Visualizing the role of photoinduced ion migration on photoluminescence in halide perovskite grains†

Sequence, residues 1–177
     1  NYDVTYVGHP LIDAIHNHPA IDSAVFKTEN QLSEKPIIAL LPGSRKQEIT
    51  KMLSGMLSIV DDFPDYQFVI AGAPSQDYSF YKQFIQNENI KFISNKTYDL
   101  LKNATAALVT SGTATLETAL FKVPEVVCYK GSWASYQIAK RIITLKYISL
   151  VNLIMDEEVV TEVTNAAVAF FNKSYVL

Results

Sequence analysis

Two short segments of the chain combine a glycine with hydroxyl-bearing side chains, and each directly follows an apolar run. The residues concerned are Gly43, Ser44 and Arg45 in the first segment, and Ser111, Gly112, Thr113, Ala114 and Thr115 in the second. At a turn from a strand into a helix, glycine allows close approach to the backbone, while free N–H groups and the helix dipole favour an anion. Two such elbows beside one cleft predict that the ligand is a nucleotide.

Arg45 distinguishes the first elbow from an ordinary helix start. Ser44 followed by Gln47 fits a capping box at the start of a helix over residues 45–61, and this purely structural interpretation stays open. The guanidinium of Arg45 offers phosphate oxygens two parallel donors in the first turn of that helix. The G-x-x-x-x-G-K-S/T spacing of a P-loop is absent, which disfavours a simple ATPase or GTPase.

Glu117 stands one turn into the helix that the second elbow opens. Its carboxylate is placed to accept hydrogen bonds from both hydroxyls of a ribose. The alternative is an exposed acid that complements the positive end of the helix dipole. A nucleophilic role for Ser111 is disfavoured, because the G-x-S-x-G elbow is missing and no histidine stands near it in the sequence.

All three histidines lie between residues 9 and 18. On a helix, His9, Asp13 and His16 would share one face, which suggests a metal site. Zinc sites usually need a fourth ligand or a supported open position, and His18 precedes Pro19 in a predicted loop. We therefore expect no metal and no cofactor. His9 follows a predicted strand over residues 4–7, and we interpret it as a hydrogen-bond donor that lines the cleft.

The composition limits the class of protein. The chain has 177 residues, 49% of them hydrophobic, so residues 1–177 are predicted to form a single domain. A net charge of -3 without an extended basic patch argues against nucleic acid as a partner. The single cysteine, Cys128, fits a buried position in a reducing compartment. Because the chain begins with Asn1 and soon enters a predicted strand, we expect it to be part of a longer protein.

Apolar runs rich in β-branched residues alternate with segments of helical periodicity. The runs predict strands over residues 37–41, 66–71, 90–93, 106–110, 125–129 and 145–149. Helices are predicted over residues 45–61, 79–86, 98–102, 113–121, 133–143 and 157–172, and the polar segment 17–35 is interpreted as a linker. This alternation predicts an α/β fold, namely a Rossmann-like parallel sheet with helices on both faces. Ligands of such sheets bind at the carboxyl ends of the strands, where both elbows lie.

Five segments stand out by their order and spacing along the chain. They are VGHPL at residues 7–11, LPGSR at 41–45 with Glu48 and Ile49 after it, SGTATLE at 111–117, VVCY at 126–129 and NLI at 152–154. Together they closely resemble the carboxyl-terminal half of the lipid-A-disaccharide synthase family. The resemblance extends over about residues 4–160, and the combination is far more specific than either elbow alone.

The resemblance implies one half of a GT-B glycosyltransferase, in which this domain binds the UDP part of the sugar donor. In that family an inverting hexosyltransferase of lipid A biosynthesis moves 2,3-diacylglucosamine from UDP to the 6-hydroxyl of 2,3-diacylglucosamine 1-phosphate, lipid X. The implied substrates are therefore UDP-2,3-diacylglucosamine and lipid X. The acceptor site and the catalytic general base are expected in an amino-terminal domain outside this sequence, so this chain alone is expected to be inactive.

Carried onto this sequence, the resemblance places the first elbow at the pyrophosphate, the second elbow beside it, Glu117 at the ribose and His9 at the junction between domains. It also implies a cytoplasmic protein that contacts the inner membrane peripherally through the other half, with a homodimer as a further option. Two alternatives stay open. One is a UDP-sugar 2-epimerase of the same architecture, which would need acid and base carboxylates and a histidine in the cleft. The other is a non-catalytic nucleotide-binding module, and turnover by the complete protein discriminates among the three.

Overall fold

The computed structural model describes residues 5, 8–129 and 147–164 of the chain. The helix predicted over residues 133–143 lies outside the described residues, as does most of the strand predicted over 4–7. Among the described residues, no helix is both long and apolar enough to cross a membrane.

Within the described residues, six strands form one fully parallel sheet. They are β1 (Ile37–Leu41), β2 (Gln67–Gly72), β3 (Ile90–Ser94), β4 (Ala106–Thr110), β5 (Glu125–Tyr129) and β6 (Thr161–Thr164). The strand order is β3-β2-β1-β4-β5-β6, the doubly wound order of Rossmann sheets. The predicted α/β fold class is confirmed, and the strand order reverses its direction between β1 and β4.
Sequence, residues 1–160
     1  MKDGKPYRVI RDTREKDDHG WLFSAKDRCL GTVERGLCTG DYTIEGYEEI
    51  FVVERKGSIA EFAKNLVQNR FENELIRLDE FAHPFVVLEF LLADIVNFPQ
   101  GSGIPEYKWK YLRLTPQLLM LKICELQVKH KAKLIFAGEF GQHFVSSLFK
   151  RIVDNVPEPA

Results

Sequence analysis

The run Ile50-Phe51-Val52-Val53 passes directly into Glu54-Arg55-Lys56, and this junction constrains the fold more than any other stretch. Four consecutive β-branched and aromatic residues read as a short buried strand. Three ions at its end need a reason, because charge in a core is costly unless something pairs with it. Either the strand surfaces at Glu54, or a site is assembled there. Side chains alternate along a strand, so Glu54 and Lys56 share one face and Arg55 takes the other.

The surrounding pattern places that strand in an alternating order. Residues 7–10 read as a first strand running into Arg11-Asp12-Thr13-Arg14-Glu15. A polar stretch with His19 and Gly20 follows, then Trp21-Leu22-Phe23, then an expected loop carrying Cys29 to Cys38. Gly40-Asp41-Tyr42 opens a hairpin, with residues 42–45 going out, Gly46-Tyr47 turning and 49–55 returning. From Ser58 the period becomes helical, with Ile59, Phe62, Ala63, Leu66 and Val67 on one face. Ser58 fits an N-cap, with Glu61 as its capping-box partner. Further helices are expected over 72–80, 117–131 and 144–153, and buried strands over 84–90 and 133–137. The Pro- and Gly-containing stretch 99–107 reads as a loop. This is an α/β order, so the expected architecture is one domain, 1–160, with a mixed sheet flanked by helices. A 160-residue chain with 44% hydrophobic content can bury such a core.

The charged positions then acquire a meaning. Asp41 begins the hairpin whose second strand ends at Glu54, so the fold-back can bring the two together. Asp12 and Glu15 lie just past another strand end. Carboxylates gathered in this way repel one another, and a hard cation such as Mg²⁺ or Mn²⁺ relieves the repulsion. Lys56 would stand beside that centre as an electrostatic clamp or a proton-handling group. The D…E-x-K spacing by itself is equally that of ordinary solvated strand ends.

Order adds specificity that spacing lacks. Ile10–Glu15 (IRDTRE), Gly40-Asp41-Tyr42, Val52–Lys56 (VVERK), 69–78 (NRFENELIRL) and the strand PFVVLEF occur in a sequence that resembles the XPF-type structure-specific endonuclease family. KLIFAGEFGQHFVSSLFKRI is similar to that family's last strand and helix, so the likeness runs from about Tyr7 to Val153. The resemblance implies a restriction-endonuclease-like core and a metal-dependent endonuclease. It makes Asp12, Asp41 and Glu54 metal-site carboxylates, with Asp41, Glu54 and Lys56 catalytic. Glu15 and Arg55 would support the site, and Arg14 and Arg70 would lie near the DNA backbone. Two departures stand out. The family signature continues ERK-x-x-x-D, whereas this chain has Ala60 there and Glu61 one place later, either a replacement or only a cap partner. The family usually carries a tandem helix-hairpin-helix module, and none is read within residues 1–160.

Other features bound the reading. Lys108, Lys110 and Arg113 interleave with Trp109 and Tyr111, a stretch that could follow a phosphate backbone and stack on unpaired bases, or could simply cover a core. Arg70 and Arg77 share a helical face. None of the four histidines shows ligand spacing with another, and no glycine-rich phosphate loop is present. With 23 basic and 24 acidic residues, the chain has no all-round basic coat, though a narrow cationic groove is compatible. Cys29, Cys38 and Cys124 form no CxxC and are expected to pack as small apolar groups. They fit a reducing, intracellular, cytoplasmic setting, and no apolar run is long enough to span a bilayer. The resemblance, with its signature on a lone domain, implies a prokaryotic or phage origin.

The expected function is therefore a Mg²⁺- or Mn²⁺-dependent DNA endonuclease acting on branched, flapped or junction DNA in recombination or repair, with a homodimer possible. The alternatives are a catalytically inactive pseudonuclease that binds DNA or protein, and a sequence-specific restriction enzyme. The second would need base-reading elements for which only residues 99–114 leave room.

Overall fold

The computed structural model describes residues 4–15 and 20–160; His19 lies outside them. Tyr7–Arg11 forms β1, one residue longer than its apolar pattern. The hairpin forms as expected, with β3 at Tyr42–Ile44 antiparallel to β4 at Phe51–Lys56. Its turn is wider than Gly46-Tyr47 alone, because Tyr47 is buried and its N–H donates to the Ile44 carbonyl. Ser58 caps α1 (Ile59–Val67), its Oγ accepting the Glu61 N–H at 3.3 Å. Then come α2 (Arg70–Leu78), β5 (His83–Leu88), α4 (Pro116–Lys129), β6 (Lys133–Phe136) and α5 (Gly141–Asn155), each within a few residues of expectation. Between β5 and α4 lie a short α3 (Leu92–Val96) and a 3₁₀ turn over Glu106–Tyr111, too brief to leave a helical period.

Ion migration is a characteristic feature of organic–inorganic halide perovskites. Importantly, migration of ion vacancies or adsorbed external ions can be manipulated by illumination, and this light-induced ion diffusion can enhance the internal quantum efficiency by reducing the density of charge trap sites. Here, the role of oxygen and halide ions on energy dynamics is investigated by performing in situ measurements of ion diffusion from the air-perovskite interface into the bulk. By correlating temporally, spatially, and spectrally-resolved optical microscopy with high spatial resolution secondary ion mass spectroscopy, it is shown that changes in local photoluminescence are caused by light-induced ion migration with a clear grain-size dependence related to surface-area to volume ratio. As a result, the charge carrier dynamics evolve from low luminescing defect-assisted monomolecular recombination to bright bimolecular recombination under illumination. These findings unambiguously link atomic diffusion to local radiative efficiency in spatially inhomogeneous films, and provide a route to high quantum efficiency through ion distribution engineering.